2,050 or Bust – Can the S&P 500 Avoid a 4th Weekly Decline?

SPX WEEKLY10 points.  

That's what we need on the S&P today to reverse what is turning into a very ugly downtrend on the weekly chart.  We've been discussing that line since February as the danger zone and, if you read us at all, you KNOW we short the S&P every time it gets to 2,100 and the last visit was mid-April, when I warned it wouldn't last in "Toppy Tuesday – What More Can They Do?"  At the time, the market had spiked up on enthusiasm over the "emergency meeting" between the White House and the Fed – nothing came of it and the markets promptly began to fall for the next 4 weeks.

In that article, I noted that we expected weak earnings, especially in the Financial Sector and, more importantly and more relevant to today's discussion, I warned that the real crisis was China's growing debt load, saying:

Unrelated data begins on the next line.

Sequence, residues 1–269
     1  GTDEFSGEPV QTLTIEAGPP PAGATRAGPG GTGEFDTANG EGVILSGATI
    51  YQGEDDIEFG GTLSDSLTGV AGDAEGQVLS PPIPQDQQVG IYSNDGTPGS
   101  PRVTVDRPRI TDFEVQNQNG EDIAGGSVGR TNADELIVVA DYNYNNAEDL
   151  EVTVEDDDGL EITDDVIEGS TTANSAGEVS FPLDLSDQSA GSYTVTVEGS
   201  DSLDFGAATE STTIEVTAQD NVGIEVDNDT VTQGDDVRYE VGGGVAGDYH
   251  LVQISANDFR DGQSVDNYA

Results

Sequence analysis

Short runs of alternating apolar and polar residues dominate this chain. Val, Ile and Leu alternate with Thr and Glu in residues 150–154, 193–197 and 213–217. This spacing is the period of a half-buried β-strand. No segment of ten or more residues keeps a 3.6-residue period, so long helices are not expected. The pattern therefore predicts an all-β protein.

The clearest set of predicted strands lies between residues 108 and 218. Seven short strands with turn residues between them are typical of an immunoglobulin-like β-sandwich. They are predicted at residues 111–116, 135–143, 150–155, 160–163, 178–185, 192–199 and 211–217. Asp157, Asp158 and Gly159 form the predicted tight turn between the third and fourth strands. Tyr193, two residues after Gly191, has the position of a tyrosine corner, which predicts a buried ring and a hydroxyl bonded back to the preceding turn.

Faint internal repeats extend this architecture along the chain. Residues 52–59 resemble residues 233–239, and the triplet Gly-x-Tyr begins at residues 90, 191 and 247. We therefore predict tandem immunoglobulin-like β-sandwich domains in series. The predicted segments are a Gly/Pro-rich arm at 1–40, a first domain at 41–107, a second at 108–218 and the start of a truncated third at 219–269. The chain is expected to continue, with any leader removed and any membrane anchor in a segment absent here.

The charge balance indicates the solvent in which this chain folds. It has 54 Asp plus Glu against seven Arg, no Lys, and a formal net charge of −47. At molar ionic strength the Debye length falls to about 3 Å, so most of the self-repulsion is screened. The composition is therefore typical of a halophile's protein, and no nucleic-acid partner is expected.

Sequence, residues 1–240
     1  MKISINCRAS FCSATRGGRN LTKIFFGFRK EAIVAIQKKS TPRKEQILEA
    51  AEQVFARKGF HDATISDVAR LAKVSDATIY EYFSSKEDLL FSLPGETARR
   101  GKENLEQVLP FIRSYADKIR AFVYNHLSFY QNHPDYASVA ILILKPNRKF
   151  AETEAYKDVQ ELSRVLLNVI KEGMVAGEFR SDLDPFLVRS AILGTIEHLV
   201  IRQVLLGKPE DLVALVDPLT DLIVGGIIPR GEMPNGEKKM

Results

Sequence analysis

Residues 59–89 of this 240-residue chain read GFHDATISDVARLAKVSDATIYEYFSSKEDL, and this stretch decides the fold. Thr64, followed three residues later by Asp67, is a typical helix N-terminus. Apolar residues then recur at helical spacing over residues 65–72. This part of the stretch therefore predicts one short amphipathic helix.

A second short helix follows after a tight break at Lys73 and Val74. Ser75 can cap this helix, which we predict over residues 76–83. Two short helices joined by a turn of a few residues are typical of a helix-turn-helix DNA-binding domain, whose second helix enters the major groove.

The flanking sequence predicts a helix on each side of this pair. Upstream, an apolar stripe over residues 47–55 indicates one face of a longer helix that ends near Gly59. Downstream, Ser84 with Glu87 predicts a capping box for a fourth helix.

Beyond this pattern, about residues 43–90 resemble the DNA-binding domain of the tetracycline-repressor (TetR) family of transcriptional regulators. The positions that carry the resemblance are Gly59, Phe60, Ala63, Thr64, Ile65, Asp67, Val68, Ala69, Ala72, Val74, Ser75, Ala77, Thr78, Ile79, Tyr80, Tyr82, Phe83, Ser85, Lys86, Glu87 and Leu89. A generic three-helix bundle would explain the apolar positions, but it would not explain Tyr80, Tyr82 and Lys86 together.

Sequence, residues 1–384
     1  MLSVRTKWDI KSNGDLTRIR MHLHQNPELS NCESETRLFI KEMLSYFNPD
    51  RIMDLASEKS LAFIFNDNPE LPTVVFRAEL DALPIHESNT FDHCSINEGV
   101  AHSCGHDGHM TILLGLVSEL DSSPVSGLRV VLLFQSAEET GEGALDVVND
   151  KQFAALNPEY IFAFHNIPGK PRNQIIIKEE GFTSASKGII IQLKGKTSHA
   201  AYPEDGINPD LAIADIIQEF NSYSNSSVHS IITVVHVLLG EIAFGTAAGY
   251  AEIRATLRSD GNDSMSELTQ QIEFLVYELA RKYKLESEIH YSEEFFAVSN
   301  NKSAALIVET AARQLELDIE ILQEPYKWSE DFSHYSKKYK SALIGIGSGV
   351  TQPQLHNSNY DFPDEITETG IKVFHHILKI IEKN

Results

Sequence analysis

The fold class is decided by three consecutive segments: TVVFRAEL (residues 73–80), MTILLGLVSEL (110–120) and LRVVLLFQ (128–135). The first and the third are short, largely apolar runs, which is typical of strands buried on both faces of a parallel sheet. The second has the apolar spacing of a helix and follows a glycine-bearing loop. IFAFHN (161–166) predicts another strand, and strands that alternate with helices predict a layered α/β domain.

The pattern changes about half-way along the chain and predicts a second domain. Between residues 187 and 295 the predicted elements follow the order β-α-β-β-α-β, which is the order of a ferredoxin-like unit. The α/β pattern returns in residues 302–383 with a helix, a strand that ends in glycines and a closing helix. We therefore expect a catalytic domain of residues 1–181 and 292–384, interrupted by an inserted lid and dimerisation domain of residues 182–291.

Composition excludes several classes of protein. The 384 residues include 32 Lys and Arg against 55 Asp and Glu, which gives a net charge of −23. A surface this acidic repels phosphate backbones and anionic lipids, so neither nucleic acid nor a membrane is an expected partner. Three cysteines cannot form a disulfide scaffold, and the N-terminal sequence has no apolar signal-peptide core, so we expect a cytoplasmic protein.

As money is sucked out of the pockets of the many and placed in the bank accounts of the few, China's economy (like ours) has stagnated as consumers can't afford to buy the goods they are producing at work and, as of last year, Chinese firms had only just enough operating profit to cover the interest expenses on their debt 2 times, down from 6 times in 2010.  That means a rise in rates OR a decline in profits can quickly lead to a huge economic crisis with massive defaults. 

As credit stresses mount, China is drafting rules to make it easier for lenders to convert bank loans into equity stakes of debtor companies. China may also approve, as soon as this month, a plan allowing banks to convert as much as 1Tn Yuan ($150Bn) of soured debt into equity – a very bad idea.

Last May (in case you forgot) is when China began going off the rails – triggered by a wave of defaults that I was warning you about all spring.  The problem was, I was too early with my warnings and a lot of people got complacent by May so this year I've waited before bringing it up again but the cycle will begin again soon and we need to keep our ears open for reports of Chinese loan defaults.  Our own market followed China down with a


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